Planning underway for strategies to protect public health in the fall semester
May 22, 2020
Virginia Tech President Tim Sands and members of university leadership are reviewing operational strategies to protect public health on campus, with a goal of resuming in-person instruction and experiential learning opportunities for the fall semester. The recommendations were developed by the university’s COVID-19 Incident Management Team (IMT) for the university to consider as it prepares for an expected June 8 announcement on fall semester plans.
“The COVID-19 Incident Management Team’s recommendations are a roadmap to resuming campus activity with the health and safety of our community as the top priority,” Sands said. “Virginia Tech’s proactive management and coordination with the commonwealth’s statewide efforts have flattened the curve and given us the confidence to plan a transition back to teaching and research this fall. I’m proud of the way our community stepped up to protect the most vulnerable among us.”
Consistent with the Governor’s Executive Order 61 on the easing of restrictions, and in accordance with university policy with public health guidelines in place, the university is beginning to re-engage its workforce based on the needs of campus. Specific timelines and additional details will follow and all information will be posted online and shared through the VT News daily email.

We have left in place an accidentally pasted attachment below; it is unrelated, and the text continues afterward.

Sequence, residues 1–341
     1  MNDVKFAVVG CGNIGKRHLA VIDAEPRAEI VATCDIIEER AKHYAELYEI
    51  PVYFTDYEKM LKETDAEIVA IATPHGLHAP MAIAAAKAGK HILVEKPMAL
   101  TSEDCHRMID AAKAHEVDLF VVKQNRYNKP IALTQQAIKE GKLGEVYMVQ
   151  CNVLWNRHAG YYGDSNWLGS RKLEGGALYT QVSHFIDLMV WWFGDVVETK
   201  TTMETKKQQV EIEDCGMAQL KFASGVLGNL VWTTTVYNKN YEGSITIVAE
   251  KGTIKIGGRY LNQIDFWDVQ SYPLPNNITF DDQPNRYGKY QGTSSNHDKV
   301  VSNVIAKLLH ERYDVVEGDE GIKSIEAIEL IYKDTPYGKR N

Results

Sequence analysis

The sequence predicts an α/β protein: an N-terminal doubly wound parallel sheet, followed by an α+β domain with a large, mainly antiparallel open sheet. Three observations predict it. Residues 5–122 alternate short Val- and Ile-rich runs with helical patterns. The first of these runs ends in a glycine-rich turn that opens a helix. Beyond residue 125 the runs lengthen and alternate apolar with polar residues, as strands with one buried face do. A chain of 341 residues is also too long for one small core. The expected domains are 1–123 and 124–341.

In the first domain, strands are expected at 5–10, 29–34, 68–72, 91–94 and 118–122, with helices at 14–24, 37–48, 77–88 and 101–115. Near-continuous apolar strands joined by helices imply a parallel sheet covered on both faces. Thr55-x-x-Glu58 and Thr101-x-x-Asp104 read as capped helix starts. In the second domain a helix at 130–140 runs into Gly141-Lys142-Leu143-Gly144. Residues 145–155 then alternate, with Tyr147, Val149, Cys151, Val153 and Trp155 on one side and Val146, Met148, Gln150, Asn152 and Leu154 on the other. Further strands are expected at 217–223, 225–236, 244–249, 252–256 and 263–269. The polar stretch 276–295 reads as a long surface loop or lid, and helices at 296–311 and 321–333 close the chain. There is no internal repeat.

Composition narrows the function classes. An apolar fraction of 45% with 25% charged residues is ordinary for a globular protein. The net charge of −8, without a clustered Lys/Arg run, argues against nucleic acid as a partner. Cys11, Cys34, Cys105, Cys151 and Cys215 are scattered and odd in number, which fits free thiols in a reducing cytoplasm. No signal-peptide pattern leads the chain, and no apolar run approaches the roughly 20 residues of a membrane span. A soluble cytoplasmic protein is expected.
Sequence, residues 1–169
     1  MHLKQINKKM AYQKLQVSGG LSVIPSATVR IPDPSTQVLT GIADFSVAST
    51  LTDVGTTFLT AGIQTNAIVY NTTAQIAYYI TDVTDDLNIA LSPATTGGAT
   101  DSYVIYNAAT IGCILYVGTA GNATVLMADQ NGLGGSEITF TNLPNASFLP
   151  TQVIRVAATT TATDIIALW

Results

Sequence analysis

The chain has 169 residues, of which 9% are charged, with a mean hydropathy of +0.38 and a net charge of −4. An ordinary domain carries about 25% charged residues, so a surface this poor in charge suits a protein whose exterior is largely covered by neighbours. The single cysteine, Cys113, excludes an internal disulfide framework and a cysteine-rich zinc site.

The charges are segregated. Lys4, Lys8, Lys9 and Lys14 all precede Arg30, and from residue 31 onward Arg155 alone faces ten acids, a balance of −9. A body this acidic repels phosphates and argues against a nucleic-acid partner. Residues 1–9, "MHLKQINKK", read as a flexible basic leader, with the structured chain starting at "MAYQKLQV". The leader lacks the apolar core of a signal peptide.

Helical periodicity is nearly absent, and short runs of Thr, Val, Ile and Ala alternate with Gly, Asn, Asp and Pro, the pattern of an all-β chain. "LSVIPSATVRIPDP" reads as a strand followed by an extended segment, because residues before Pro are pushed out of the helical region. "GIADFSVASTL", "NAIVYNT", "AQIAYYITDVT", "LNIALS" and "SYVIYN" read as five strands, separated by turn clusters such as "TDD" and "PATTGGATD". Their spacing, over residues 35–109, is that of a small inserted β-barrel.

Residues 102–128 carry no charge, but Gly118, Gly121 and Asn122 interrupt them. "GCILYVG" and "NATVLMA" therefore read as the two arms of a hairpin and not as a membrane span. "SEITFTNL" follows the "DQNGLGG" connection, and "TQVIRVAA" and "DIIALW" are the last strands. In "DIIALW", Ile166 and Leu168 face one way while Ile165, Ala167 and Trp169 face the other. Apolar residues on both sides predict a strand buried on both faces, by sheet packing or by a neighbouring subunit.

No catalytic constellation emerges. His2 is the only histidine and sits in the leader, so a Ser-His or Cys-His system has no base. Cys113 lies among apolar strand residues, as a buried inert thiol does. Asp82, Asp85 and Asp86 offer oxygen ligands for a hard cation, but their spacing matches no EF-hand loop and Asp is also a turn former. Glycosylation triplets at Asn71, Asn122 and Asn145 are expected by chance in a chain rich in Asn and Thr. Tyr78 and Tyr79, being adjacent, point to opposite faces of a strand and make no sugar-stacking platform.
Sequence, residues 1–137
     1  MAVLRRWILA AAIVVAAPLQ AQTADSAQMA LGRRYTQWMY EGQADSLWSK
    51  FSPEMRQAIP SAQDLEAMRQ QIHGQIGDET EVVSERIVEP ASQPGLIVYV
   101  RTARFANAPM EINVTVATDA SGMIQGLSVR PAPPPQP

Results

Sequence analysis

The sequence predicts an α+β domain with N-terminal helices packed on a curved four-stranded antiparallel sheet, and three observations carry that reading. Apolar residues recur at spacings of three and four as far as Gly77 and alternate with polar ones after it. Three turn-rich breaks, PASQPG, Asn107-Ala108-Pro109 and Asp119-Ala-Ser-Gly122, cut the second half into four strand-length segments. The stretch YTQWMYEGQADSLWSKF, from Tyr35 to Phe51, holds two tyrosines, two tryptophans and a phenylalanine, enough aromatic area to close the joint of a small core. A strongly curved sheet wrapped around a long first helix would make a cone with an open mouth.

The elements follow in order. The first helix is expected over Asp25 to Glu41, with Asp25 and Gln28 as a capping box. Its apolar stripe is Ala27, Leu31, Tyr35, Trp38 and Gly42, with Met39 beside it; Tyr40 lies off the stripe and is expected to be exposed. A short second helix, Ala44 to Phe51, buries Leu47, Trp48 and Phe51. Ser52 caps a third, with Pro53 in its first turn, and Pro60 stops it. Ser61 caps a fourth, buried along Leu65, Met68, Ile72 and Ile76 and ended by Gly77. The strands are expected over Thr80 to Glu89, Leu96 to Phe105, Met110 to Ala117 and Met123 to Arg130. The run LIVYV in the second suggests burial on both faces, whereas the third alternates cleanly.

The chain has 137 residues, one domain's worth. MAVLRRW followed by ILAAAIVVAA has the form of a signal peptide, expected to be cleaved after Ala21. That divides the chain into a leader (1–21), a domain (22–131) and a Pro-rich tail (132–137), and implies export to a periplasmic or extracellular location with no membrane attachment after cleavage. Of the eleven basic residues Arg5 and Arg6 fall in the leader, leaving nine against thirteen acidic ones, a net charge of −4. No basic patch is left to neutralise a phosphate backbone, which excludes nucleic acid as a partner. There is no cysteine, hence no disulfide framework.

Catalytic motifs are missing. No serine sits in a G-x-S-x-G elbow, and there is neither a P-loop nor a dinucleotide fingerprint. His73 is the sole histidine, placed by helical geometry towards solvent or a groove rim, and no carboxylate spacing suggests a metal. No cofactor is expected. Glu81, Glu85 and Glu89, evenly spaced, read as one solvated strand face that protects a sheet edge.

“As we move our workforce back to campus, we will remain engaged with the Town of Blacksburg and the New River Valley COVID-19 Task Force to ensure a comprehensive and successful transition,” Sands said. “Given our statewide presence and the varied impact the virus has across the commonwealth, we are working in parallel to address our footprints in Roanoke, Northern Virginia, and across Virginia.”
The president’s goal is a robust teaching and research agenda that protects the most vulnerable and applies our new understanding of public health needs to an open campus. To implement in-person instruction and experiential learning opportunities for both undergraduate and graduate students while also preventing a resurgence of COVID-19 illness, the university will likely deploy a multimodal approach involving delivery of in-person, hybrid, and online learning. Final decisions will depend on data still being collected and the decisions and actions of the governor and the Virginia Department of Health. Reports and recommendations are expected to be completed in early June.
The university’s COVID-19 Incident Management Team will continue to prepare for several scenarios, but consistent with the president’s intention to transition to an on-campus experience for students this fall, they will focus their efforts on re-engaging the workforce over the summer and scaling to meet the needs of the emerging fall semester plan.
Faculty, staff, and student leaders will work closely with leadership, the IMT, the community task force, and other teams to inform the path forward. Individual planning between employees and their supervisors will determine how, when, and what work will resume on campus, and what activities can continue through teleworking. Guidance and requirements will be shared through the expanded website and within each area.